1. Building Bridges – creating pathways to support recovery

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2. Building connections - the importance of using recovery capital to measure recovery and encourage social connection

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Zeddy Chaudhry

Dr Marianne Jauncey is the Medical Director of Australia’s only supervised injecting facility. This service was the first of its kind in the English Speaking World when it opened in 2001, and is credited with saving many lives. She is committed to pursuing translational research with real world impacts for the clients of MSIC, as well as ensuring those with lived experience are given a voice. She is a passionate teacher and public speaker, and now involved on a Uniting Church campaign to bring about a ‘rethink’ on drugs, including the removal of criminal sanctions for use. She believes that all health professionals should first and foremost be present for our clients, listen and be respectful – and from this, change is genuinely possible.

Supervised injecting facilities: A polarising political proposal, or an essential piece of our puzzle?

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Dr Marianne Jauncey

Pesio Ah-Honi (BBM, Post Grad Dip, Public Health DPH) is the National Director of Pacific Services - Mapu Maia, the Pacific Unit of the Problem Gambling Foundation of New Zealand.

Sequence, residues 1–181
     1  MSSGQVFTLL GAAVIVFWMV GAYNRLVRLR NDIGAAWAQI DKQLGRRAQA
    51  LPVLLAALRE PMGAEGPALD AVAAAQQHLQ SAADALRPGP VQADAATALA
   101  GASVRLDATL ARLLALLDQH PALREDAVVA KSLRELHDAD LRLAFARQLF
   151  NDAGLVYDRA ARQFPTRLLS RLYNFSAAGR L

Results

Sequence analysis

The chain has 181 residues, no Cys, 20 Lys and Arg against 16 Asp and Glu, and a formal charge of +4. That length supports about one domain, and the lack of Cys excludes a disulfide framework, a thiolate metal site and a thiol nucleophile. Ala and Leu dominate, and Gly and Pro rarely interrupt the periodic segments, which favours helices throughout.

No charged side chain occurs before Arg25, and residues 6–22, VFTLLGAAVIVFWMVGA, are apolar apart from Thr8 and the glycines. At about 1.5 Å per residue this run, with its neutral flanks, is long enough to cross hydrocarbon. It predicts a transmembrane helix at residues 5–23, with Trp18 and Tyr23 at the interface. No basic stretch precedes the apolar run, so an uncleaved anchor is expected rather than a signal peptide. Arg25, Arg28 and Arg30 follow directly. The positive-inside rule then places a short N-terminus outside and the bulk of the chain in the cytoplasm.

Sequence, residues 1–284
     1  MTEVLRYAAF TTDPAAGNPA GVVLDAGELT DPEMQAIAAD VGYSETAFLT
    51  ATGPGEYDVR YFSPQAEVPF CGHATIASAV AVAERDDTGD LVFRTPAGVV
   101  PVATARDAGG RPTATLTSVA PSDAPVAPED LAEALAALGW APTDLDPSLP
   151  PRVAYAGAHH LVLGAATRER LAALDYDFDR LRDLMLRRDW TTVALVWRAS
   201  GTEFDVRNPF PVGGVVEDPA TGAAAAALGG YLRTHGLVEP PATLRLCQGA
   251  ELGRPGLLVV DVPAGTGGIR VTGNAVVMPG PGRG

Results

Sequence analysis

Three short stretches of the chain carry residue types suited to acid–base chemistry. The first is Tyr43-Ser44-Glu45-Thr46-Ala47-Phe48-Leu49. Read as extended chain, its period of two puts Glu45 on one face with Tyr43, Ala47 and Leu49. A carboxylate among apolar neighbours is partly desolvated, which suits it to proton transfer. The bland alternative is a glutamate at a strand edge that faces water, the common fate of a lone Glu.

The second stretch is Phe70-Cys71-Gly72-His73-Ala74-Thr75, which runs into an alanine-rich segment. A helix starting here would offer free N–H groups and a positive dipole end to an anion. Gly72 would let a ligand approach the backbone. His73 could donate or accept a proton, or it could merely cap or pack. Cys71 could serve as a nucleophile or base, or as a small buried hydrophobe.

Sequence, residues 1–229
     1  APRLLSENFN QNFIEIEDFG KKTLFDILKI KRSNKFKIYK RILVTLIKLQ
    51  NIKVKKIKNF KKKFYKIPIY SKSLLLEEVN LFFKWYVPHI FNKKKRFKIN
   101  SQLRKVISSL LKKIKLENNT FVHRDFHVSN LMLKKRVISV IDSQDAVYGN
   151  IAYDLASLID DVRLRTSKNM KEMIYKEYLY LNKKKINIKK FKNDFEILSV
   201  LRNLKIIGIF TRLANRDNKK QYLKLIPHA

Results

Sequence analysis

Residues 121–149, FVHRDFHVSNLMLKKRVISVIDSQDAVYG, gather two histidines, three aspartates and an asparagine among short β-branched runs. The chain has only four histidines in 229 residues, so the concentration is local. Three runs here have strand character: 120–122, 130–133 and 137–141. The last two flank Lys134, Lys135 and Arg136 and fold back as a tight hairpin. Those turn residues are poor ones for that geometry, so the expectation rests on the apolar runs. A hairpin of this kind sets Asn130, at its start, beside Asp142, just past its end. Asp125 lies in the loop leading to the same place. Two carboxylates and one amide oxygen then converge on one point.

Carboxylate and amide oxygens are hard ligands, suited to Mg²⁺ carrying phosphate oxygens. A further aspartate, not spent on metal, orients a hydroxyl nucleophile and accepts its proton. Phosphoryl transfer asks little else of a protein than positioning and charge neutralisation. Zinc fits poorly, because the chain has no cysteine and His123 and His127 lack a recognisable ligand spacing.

Of Samoan and Chinese descent, Pesio Ah-Honi was born in Samoa and educated and raised in Auckland. For the past 24 years she has worked extensively within the Pacific Island community in the areas of problem gambling, public health and community development.

Integrated connections - what does this mean in practice?

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Pesio Ah-Honi

Sir Mason Durie is a member of the Ngāti Kauwhata, Ngāti Raukawa and Rangitane Iwi. He has had a lifelong commitment to public health, including mental health and addiction, with a particular expertise in Māori health and culture. He has served on range of health-related committees, councils and advisory groups, including the Mental Health Foundation (1976-1980), Royal Commission on Social Policy (1986-88), The National Health Committee (1998-2000) and was a Families Commissioner (2003-2007). Since 2002, he has been a leader in Te Rau Matatini, Māori Mental Health Workforce Development. He is currently an Emeritus Professor at Massey University.

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Sir Mason Durie

Doug Sellman, MBChB, PhD, FRANZCP, FAChAM, is a psychiatrist and addiction medicine specialist who has been working in the addiction treatment field in New Zealand since 1985. He was the inaugural Director of the National Addiction Centre (NAC), University of Otago, Christchurch, from 1996-2017 and has held a Personal Chair in Psychiatry & Addiction Medicine within the University since 2005. His main work focus is alcohol and food from addiction and public health advocacy perspectives. He is one of the medical spokespeople for Alcohol Action NZ.

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Doug Sellman